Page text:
Baharav-Miara’s warning drew a fiery response from Levin and Ben Gvir, with the former accusing her of “ignoring the ongoing and unprecedented violation of the basic rights of millions of citizens to get safely to work, to the hospital, to freely access the airport, etc.”
The justice minister also claimed she was ignoring the police’s “dangerous selective enforcement” against different types of protests.
“The right to protest within the boundaries of the law is sacred and not subject to dispute, but massive violations of the law and inciting violence and disobeying the law require a clear and unified enforcement policy,” Levin said in a statement. “We will demand answers about this at the upcoming cabinet meeting.”
Ben Gvir, who heads the far-right Otzma Yehudit party, noted the resignation the previous night of Tel Aviv police chief Amichai Eshed, who said he was being forced out for political reasons and for his refusal to violently crack down on protesters.
“Last night we saw how a deputy commissioner [Eshed] turned into a politician in uniform. Today we see how the attorney general has turned into a politician in uniform,” Ben Gvir tweeted.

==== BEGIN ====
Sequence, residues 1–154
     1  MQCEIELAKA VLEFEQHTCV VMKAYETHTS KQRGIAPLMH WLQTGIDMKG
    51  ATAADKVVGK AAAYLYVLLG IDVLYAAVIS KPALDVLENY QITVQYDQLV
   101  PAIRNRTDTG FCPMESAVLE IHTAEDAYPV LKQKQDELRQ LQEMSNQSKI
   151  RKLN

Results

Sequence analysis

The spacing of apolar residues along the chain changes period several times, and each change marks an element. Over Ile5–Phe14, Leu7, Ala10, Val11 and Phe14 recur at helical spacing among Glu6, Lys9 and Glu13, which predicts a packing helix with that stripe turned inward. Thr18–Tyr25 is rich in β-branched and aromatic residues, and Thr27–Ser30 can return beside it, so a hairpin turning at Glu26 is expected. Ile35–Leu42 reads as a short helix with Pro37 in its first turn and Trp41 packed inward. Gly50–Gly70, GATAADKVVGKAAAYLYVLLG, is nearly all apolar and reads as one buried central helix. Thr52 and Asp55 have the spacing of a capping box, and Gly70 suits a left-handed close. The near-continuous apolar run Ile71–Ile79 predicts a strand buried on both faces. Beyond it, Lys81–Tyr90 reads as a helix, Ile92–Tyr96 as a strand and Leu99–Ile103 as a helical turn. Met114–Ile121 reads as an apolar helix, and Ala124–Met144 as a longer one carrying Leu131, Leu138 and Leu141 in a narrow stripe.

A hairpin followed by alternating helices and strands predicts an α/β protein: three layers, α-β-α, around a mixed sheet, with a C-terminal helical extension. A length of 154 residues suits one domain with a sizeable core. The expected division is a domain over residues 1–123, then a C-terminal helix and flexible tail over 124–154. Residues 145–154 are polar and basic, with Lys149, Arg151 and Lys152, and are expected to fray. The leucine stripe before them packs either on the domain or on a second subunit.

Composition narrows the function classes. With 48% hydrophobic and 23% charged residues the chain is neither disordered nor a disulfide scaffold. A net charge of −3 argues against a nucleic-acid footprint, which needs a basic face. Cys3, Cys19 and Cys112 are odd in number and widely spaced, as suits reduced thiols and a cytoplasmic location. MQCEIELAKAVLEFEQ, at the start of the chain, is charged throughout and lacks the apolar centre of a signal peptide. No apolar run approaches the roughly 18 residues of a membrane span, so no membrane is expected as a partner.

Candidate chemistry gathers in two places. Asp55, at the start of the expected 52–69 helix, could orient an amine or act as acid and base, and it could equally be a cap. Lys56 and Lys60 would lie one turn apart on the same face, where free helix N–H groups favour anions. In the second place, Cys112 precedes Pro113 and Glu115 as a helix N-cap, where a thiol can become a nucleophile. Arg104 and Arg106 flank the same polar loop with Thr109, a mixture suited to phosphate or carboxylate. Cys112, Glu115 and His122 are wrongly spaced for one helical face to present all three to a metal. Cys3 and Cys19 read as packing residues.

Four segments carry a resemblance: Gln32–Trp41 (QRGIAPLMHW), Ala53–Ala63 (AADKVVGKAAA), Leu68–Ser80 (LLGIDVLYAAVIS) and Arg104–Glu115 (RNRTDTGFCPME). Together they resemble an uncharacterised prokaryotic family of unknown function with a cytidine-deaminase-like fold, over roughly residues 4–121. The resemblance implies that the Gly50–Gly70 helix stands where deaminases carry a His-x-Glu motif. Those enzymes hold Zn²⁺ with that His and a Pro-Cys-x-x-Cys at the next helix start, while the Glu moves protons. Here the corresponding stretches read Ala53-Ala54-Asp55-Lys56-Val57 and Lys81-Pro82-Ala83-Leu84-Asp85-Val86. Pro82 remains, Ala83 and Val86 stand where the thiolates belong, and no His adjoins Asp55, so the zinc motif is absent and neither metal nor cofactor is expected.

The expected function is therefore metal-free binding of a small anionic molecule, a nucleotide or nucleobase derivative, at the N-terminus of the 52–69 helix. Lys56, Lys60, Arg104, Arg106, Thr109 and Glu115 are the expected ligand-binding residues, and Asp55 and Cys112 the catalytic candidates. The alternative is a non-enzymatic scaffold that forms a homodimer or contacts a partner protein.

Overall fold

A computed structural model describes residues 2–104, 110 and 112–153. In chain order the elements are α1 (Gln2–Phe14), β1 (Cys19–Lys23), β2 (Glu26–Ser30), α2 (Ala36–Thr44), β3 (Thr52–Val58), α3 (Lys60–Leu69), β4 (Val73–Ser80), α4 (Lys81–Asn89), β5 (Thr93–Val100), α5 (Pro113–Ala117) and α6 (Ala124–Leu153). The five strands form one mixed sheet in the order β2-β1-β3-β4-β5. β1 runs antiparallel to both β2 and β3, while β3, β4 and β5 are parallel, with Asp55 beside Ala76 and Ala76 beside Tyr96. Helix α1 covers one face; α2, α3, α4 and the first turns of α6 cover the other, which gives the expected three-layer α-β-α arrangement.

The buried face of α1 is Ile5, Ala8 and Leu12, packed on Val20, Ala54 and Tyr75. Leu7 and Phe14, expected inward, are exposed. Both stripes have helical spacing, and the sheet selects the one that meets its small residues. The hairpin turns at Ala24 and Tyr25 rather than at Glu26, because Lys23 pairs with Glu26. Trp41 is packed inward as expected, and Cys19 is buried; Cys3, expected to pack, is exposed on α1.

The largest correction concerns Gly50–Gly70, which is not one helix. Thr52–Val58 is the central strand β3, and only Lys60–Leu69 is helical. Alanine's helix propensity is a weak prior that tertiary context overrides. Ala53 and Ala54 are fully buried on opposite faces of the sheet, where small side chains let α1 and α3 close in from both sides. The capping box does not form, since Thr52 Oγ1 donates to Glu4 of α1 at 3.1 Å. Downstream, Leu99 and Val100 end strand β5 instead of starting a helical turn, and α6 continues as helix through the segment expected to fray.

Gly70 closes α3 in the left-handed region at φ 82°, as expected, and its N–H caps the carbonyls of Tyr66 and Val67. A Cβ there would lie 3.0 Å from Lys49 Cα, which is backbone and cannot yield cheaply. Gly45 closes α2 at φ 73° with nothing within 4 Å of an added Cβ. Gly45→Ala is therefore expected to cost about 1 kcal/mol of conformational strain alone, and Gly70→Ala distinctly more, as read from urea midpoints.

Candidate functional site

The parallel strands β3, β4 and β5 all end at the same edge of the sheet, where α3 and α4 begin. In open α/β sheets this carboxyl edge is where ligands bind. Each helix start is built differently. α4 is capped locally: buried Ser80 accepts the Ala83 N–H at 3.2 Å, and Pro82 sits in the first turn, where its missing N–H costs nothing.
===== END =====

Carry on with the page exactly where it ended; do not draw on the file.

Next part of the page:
Protests against the controversial legislation to remake Israel’s judiciary have been ongoing for seven months, and recently ramped up as Netanyahu’s hardline coalition has renewed its efforts to push through some of the laws.
The demonstrations have angered the coalition, with Ben Gvir repeatedly clashing with the police force over its handling of the demonstrators. He has also argued for a tougher approach toward protesters and more arrests.
Ben Gvir’s outrage was often directed at Eshed, amid the latter’s refusal to use greater force against the months-long anti-overhaul demonstrations.
The cabinet discussions were set to be held with protests ramping up as a controversial bill to curtail judicial oversight was set to come to the plenum for its first of three Knesset floor votes on Monday.
According to Haaretz, judicial officials are concerned that the bill to completely block judicial review or discussion of the “reasonableness” of decisions and appointments made by the cabinet, individual ministers and “other elected officials, as set by law,” could be abused to interfere with elections.
The report said the unnamed senior officials believe that future transitional governments between elections will theoretically be able to make “unreasonable” decisions and work to prevent their replacement, with the legal system powerless to intervene.
Israel has been rocked by mass demonstrations since early January, when the government unveiled its far-reaching plans to neuter the judicial system. Protesters have warned that the proposals will weaken Israel’s democratic character, remove a key element of its checks and balances and leave minorities unprotected. Supporters claim it is a much-needed reform to rein in an overly activist court.